My first book, Overcoming An Imperfect Boss is now on Amazon. I want to express deep gratitude to all in the LGL community who have grown with me in my Imperfections. Your insights are woven throughout this guide.
Why Talk About The Imperfect Boss?
I keep being asked why, of all the leadership topics I write and speak about, I would pick “imperfect bosses” as the topic of my first book. It’s quite simple. The supervisor relationship is the number one predictor of employee engagement and job satisfaction. Yet, most people screw up this powerful association.
The tragedy is that too many people leave the magic of what could be a game-changing relationship untapped. They follow traditional boss-subordinate protocol…they don’t get too close, don’t say too much, and don’t push the envelope. And so bosses come and go, and both parties muddle through. People do their best with the boss they’ve been given. It doesn’t have to be that way.
Some of the bosses who once made me crazy, grew to be lifelong mentors and friends. As I reflect on our journeys, each of these alliances had a transformation point. Something drove one or the other of us crazy, we talked about it, worked through it, and both emerged with a deeper level of respect.
Imperfect Bosses I’ve Known
There was the VP that blew a gasket because of a stupid (yet fixable) mistake one of my employees had made. He screamed and yelled at me just minutes before I had to grab a microphone and give a motivational speech to my entire organization.
I had choices. I could have become rattled and let his poor leadership choice screw up my ability to lead. Instead, I looked him in the eye and calmly shared, “I can see you’re really upset, and I’m sorry. We need to talk through what happened here and address it. But right now, I have hundreds of people waiting for inspiration. So please excuse me.” I turned around and left my office, not sure if I would have a job when I returned.
I gave my speech, fixed the mistake, and his entire demeanor changed. We never did discuss that outburst or what had triggered it. We didn’t need to. This “screamer” never raised his voice to me again, and became one of the best bosses and mentors I’ve ever had.
There was also the time I was running a large sales organization. I knew we needed to change the org structure and invest in additional headcount. I had a tight business case, and had proved-out the trial concept, but my boss was worried about the political ramifications of doing something different than the other Regions.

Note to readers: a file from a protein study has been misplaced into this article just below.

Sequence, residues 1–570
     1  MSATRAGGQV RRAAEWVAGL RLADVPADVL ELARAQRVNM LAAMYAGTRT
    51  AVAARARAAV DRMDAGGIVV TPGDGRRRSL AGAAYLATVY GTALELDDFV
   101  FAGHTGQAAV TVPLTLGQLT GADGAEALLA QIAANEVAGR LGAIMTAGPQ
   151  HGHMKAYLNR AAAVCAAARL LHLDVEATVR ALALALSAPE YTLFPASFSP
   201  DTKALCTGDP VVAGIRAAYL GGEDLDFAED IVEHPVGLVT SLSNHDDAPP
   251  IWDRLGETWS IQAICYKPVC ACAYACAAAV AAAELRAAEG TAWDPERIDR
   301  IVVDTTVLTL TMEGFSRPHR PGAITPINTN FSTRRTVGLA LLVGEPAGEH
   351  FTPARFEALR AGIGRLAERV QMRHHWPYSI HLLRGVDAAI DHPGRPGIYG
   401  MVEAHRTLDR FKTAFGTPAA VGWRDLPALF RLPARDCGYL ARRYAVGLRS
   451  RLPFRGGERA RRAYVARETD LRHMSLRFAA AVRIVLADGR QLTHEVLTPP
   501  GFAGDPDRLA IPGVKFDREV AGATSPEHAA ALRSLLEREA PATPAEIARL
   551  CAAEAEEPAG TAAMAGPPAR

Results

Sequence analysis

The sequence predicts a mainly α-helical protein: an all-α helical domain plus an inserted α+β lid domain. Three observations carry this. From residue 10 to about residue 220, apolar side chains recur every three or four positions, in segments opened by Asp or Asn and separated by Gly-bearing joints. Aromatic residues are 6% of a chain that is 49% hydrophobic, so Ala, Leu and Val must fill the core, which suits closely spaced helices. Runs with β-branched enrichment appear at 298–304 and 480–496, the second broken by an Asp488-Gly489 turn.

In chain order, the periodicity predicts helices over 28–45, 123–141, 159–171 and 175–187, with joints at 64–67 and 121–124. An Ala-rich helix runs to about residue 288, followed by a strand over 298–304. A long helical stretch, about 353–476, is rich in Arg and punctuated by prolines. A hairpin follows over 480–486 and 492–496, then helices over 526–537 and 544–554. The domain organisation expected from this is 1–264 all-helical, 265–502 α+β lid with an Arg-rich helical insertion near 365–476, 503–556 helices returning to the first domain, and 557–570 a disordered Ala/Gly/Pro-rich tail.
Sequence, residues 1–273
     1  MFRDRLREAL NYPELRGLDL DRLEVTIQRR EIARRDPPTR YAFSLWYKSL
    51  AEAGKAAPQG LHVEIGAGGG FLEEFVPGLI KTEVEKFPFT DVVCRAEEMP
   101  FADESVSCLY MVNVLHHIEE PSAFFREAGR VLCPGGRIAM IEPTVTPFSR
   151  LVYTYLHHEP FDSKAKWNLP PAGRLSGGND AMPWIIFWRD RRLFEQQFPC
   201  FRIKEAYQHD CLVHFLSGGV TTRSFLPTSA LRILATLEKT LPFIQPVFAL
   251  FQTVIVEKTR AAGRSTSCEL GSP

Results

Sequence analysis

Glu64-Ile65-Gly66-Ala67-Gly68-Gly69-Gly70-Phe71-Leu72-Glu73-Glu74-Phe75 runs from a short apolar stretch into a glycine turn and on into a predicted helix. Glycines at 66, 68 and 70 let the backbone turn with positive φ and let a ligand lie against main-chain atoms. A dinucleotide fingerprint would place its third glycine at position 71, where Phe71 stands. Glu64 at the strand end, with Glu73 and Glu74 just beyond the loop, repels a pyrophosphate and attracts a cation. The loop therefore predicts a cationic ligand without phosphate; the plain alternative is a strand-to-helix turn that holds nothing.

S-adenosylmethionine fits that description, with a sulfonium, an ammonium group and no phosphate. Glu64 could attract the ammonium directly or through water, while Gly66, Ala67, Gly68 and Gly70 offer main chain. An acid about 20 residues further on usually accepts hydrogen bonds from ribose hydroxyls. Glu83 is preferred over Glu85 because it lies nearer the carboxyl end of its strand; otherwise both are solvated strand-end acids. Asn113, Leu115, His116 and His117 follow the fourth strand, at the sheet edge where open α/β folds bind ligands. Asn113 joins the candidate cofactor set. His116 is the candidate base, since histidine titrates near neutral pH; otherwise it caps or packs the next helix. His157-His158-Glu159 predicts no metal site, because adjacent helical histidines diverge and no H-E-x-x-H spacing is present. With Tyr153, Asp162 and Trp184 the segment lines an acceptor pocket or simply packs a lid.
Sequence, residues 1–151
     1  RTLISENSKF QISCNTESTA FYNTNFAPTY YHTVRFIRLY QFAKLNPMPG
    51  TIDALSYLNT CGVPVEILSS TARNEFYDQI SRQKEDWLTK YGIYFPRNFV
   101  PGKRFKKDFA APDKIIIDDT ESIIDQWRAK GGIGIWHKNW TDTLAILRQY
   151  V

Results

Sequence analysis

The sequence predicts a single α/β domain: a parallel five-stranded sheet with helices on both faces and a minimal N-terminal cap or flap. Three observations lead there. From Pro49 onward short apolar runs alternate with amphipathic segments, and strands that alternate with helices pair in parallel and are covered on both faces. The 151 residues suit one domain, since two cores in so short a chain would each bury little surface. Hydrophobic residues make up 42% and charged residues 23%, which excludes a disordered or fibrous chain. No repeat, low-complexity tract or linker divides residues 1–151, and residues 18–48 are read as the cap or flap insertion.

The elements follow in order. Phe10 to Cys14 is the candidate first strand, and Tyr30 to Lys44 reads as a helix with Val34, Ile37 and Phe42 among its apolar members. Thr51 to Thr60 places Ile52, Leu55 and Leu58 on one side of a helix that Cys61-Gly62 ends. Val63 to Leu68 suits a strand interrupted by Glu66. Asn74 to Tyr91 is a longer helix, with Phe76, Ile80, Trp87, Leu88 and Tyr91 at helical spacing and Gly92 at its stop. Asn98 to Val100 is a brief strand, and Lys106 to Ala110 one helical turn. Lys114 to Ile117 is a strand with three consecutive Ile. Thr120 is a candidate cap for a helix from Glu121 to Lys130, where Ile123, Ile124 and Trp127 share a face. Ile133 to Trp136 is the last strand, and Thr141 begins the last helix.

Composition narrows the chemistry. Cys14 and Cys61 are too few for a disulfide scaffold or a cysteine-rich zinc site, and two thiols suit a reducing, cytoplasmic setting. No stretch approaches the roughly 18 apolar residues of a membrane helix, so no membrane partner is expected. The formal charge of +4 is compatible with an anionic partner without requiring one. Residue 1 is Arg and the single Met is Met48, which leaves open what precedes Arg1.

I told him, “I’m so confident that this will work that if it doesn’t you can fire me.” Of course that was highly risky, and I had to be prepared to walk away. But the depth of my passion and commitment, led him to “yes”.
We blew away the results, and became the best sales team in the Nation in that arena. Others regions followed our model.
The Imperfect Boss I’ve Been
Of course, sometimes I’m the imperfect one in need of reigning in. Not long ago, I was going through a really tough couple of weeks. The cocktail of challenges was impacting our performance. We needed stronger results immediately. I didn’t realize how much my stress showed on the outside. A trusted leader on my team shared bluntly, “You’re changing.”
The words stung with fierce truth. He was right. Succumbing to the leadership squash sandwich, I was taking on familiar, but unwelcome behaviors common in such scenes. I was showing up like the boss I refused to become.
I was worried about our mission, our cause, and our careers. My passion to protect my team had taken on an ironic intensity. My supportive style had morphed into frantic control. I began inviting myself to calls and requiring more rehearsals and executive readouts. Instead of trusting my competent team, I scrutinized each page of every Powerpoint deck.
My efforts to protect them from my stress had backfired. I had stopped leading like me. The words still echoing from the first conversation, my phone rang again. I now knew my team was tag-teaming this intervention.
“I joined this organization because I believe in your leadership. Your rare style works. Stay the course. We believe in you, in us, and the mission. Every one of us has your back. Just tell us what you need.”
There I was, a leader following the intervention of my team. They were coaching me back toward authenticity and it was wonderful.
My team reminded me that:
- Showing up tough is weak
- Servant leaders must also receive
- Great teams hold their leader accountable
- I want to know the truth
- Great leaders tell the truth
- Courage means staying true to your style
- My team needs me to lead like me
Over the years, I’ve had employees tell me how I’ve hurt their feelings, overlooked their efforts, embarrassed them, or over-reacted. Every one of those conversations has made us stronger, tighter, and more effective.
The most brave of these folks, the men and women that have given me the most stinging (and true) criticism, have grown into the richest relationships.
The Imperfect Boss You’ve Had: Your Turn…
So in the spirit of celebration and community, please share your stories of overcoming. Do what you will to make it comfortable. Disguise the name, make it a story from long, long ago, change the gender, but do share.
Let’s have a celebration of journeys, growth, and imperfection. If you find the book helpful, I’d appreciate your reviews on Amazon to help spread the word.
Are you looking to be a better boss? Check out our book Winning Well: A Manager’s Guide to Getting Results- Without Losing Your Soul